Room 4 meanwhile juxtaposes Giambologna’s rough-textured Turkey displaying its plumage and wattles to feathery fleshly effect alongside Brancusi’s firebird, Maiastra, so smooth and highly polished that it immediately recalls the poor relations of these artworks, the bedknobs and door-handles of the metalmonger’s shop. Such diversity of form, colour and texture makes you wonder if there is anything more peculiar to ‘brazenness’ than there might be to ‘stoneness’ or ‘blueness’, but Room 3 (Animals I) shows the advantages of the single-material approach; as you walk in and look around this not very large space it is not immediately apparent to which epoch any of these marvellous beasts around you might be assigned, so you can enjoy an all-other-things-being-equal conversation between ancient and modern, east and west, an unusual experience not only because museums are rarely so determinedly eclectic, but because in other media there are normally so many other clues – colours, frames and, above all, states of preservation – that provoke the brain to taxonomise immediately and order onto scales of artistic development.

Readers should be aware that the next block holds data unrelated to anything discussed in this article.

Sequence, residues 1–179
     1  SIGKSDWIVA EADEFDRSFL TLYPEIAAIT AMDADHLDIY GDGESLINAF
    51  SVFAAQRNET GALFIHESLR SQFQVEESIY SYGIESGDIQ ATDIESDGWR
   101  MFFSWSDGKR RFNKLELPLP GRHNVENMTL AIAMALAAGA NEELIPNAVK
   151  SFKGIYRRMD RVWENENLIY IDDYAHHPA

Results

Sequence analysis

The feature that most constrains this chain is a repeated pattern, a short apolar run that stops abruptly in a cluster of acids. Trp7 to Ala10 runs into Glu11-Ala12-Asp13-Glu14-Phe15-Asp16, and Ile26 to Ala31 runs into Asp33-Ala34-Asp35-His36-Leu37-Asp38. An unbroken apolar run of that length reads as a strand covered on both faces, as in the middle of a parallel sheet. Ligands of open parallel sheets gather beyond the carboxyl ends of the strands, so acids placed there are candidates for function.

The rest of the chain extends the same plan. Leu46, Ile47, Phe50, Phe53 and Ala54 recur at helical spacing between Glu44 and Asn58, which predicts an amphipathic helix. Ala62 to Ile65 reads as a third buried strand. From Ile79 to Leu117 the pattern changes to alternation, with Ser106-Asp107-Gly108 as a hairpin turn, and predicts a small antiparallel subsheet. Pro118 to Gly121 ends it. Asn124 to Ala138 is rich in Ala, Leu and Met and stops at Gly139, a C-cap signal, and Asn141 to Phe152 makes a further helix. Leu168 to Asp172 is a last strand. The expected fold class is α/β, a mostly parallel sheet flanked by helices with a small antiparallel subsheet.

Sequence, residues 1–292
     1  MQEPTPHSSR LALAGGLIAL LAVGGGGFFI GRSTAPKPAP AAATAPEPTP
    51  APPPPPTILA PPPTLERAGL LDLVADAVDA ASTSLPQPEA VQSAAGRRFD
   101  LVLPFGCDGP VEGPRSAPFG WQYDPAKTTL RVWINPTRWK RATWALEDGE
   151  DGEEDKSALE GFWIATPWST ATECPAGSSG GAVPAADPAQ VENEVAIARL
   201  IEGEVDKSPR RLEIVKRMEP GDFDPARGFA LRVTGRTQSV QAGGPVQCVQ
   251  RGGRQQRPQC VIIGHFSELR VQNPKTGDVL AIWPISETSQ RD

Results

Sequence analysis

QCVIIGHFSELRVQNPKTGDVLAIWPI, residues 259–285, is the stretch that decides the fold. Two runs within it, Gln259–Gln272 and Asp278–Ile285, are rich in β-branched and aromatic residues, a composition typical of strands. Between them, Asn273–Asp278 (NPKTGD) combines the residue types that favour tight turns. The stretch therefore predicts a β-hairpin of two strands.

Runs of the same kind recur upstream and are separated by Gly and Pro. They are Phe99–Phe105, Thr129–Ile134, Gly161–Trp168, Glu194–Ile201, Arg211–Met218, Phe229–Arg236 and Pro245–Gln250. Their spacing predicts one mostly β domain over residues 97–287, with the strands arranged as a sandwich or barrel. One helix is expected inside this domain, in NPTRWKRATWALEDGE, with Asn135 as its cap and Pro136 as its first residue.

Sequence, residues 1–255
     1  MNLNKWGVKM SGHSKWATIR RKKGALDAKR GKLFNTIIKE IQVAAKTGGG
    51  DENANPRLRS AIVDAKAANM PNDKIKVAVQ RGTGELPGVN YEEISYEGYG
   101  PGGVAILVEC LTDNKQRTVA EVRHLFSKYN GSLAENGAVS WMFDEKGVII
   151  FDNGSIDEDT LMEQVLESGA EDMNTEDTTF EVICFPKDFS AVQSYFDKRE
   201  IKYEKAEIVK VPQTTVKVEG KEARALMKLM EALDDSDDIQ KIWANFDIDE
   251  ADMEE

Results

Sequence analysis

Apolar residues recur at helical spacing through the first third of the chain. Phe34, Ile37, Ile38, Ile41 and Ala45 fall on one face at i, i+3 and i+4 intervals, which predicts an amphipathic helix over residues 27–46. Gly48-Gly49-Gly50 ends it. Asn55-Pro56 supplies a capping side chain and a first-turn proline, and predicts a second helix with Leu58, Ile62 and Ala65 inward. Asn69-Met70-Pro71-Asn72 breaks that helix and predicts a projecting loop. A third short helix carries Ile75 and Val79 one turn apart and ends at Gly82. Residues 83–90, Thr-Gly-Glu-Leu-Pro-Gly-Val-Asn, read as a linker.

The Trundholm sun chariot (Denmark, 14th century BCE)

The Trundholm sun chariot (Denmark, 14th century BCE).

In this room, the curators’ undoubted coup is the loan of the Etruscan Arezzo Chimaera, one of the most famous treasures of Florence’s National Archaeological Museum, but the masterpiece is a horse’s head (the ‘Medici Riccardi Head’), probably Hellenistic or late classical, from the same collection, its surface texture like polished granite. On the other hand, my prize for most delightful sculpture in the room goes to a green Chola Bronze of about 1200 CE from South India, an image of the bull called Nandi, Shiva’s ride, at rest, its cud-chewing smile echoed in concentric circles of jolly jewelled necklaces loosely thrown around his thick neck.

In fact, as the excellent catalogue scrupulously observes, this ‘Chola Bronze’, like the most ancient artefacts from the Dead Sea, is not strictly bronze inasmuch as it lacks the proper admixture of tin, while the ‘Benin Bronzes’ are more properly described as ‘Brass’ – copper and zinc alloy. But the organisers are not much bothered by differences in metallurgical recipes and temporal shifts in conventional terminology and have thankfully resisted the temptation to title the exhibition in conformity with modern scholarly practice Copper Alloy.